20. Ramasubramanian, R., Gnanappazham, L., Ravishankar, T., & Navamuniyammal, M. (2006). Mangroves of Godavari—Analysis through remote sensing approach. Wetlands Ecology and Management,14, 29–37.CrossRefGoogle Scholar
  21. Ravishankar, T., Gnanappazham, L., Ramasubramaniam, R., Sridhar, D., Navamuniyammal, M., & Selvam, V. (2004). Atlas of mangrove wetlands of India. Part II—Andhra Pradesh (p. 136). Chennai: M. S. Swaminathan Research Foundation.Google Scholar
  22. Satyanarayana, B. (2007). Application of remote sensing: An approach for distinguishing vegetation structure and decadal changes in mangroves. Kuala Terengganu: University Malaysia Terengganu.Google Scholar
  23. Satyanarayana, B., Thierry, B., Lo Seen, D., Raman, A. V., & Muthusankar, G. (2001). Remote sensing in mangrove research—Relationship between vegetation indices and dendrometric parameters: A case for Coringa, East coast of India. In Final proceedings of the 22nd Asian conference on remote sensing, National University of Singapore, Singapore (pp. 567–572).Google Scholar
  24. Selvam, V., Eganathan, P., Karunagaran, V. M., Ravishankar, T., & Ramasubramanian, R. (2004). Mangrove plants of Tamil Nadu. Chennai: M. S. Swaminathan Research Foundation.Google Scholar
  25. Selvam, V., Ravichandran, K. K., Gnanappazham, L., & Navamuniyammal, M. (2003). Assessment of community-based restoration of Pichavaram mangrove wetland using remote sensing data. Current Science,85(6), 794–798.Google Scholar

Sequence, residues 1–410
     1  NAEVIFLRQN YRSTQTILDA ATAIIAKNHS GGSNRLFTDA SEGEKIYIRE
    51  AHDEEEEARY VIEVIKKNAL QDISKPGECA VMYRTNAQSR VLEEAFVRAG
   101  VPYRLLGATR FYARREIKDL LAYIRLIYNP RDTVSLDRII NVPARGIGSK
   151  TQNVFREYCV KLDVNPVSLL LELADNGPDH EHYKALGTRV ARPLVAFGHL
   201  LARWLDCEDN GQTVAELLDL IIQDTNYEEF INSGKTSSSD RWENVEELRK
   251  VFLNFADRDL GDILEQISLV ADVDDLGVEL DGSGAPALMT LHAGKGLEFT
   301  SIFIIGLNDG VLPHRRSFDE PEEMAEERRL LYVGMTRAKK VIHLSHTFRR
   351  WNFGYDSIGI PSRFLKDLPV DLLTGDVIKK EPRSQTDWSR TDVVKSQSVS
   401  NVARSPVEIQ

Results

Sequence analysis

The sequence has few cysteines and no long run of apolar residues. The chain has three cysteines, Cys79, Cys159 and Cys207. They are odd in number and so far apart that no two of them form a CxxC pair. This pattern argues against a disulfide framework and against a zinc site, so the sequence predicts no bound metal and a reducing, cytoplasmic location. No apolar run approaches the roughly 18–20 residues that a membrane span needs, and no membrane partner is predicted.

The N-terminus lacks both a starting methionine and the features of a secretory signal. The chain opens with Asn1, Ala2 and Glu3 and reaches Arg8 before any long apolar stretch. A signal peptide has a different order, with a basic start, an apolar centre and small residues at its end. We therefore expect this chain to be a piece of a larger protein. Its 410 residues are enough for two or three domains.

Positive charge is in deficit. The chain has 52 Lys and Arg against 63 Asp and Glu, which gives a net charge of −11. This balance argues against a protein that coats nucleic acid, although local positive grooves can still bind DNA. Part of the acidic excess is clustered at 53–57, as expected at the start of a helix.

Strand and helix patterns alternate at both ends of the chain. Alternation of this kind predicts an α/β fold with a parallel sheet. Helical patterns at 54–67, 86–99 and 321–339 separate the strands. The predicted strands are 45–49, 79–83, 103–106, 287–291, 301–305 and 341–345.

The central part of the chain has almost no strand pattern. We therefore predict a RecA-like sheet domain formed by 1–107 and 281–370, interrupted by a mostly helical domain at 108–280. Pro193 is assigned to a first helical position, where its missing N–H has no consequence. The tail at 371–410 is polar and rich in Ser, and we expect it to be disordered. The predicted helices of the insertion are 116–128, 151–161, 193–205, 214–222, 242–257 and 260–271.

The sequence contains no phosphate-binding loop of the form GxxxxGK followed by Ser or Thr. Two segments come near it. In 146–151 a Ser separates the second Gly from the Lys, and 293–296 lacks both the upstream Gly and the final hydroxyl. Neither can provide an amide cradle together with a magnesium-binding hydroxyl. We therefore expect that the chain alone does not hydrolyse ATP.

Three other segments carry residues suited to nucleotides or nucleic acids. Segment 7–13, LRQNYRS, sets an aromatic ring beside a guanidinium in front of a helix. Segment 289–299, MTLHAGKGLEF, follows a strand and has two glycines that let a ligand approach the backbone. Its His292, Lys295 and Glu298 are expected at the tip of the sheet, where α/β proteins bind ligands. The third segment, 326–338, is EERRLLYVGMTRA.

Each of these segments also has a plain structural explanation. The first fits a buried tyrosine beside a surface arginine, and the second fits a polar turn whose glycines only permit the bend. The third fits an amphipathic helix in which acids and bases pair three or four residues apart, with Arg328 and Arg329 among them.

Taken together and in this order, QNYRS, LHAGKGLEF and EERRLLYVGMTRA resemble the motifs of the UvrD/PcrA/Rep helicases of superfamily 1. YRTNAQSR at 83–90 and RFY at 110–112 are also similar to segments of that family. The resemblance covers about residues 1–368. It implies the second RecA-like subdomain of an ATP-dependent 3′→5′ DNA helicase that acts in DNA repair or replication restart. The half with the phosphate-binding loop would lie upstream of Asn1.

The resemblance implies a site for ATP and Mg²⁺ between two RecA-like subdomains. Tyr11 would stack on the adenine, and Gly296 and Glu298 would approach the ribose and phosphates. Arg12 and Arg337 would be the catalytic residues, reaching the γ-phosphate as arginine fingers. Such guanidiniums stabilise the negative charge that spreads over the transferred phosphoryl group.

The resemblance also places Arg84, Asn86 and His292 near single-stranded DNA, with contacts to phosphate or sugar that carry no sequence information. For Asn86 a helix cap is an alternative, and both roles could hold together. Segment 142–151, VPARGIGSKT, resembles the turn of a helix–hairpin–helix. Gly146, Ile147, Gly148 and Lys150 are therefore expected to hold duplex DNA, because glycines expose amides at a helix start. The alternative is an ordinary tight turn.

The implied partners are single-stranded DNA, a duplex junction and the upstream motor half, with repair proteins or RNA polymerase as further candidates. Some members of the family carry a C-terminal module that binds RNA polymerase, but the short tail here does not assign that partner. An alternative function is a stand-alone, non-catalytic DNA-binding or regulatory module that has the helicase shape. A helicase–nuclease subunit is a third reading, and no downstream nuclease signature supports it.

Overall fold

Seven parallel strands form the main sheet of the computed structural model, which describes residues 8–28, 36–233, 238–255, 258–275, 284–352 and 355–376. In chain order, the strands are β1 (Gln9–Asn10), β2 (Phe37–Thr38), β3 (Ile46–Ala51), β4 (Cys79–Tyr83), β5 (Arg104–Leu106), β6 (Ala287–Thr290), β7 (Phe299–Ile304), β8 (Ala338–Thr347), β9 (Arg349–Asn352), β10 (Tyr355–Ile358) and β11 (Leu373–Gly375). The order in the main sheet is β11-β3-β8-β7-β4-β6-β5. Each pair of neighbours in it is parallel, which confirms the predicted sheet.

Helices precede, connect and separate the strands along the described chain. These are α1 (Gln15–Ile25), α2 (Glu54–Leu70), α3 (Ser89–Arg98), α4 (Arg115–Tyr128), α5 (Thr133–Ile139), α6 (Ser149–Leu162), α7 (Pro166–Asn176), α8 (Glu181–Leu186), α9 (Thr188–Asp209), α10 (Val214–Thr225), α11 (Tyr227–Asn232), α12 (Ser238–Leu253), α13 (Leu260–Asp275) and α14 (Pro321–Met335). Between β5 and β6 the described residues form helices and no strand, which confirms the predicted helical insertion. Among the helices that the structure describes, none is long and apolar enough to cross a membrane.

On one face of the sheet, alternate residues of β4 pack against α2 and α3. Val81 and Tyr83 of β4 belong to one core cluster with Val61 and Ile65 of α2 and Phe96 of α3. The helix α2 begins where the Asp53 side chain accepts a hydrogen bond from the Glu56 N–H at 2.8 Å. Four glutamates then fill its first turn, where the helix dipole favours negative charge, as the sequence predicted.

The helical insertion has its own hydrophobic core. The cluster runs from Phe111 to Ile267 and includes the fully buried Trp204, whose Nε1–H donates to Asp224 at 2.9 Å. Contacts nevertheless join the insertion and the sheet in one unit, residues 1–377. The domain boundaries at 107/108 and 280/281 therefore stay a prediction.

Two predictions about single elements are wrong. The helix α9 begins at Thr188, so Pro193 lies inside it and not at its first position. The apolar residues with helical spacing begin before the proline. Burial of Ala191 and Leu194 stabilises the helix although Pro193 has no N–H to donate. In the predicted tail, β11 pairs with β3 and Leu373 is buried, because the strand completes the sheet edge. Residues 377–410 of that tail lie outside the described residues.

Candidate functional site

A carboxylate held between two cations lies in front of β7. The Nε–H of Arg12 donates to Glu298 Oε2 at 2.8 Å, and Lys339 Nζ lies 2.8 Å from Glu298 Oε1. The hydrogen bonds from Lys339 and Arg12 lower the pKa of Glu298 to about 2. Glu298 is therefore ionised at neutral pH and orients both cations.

26. Sesli, F. A. (2010). Mapping and monitoring temporal changes for coastline and coastal area by using aerial data images and digital photogrammetry: A case study from Samsun, Turkey. International Journal of the Physical Sciences,5(10), 1567–1575.Google Scholar
  27. Seto, K. C., & Fragkias, M. (2007). Mangrove conversion and aquaculture development in Vietnam: A remote sensing-based approach for evaluating the Ramsar Convention on Wetland. Global Environmental Change,17(3–4), 486–500.CrossRefGoogle Scholar
  28. Spalding, M., Kainuma, M., & Collins, L. (2010). World Atlas of Mangrove. A collaborative project of ITTO, ISME, FAO, UNEP-WCMC, UNESCO-MAB, UNU-INWEH, TNC. London: Earthscan.Google Scholar
  29. Tran, T. V., Tien Thi Xuan, A., Phan, N. H., Dahdouh-Guebas, F., & Koedam, N. (2014). Application of remote sensing and GIS for detection of long-term mangrove shoreline changes in Mui Ca Mau, Vietnam. Biogeosciences,11, 3781–3795.CrossRefGoogle Scholar
  30. Twumasi, Y. A., & Merem, E. C. (2006). GIS and remote sensing applications in the assessment of change within a coastal environment in the Niger Delta Region of Nigeria. International Journal of Environmental Research and Public Health,3(1), 98–106.CrossRefGoogle Scholar
  31. Upadhyay, V. P., Ranjan, R., & Singh, J. S. (2002). Human-mangrove conflicts: The way out. Current Science,83(11), 1328–1336.Google Scholar
  32. Van Lavieren, H., Spalding, M., Alongi, D., Kainuma, M., Clusener-Godt, M., & Adeel, Z. (2012). Securing the future of mangroves: A policy brief. UNU-INWEH, UNESCO-MAB with ISME, ITTO, FAO, UNEP-WCMC, TNC. London: Earthscan.Google Scholar

Copyright information

© Indian Society of Remote Sensing 2019

Authors and Affiliations

  1. 1.Centre for Remote Sensing and GeoinformaticsSathyabama Institute of Science and TechnologySholinganallur, ChennaiIndia
  2. 2.Coastal System ResearchM. S. Swaminathan Research FoundationChennaiIndia
  3. 3.MicrobiologyM. S. Swaminathan Research FoundationChennaiIndia

Personalised recommendations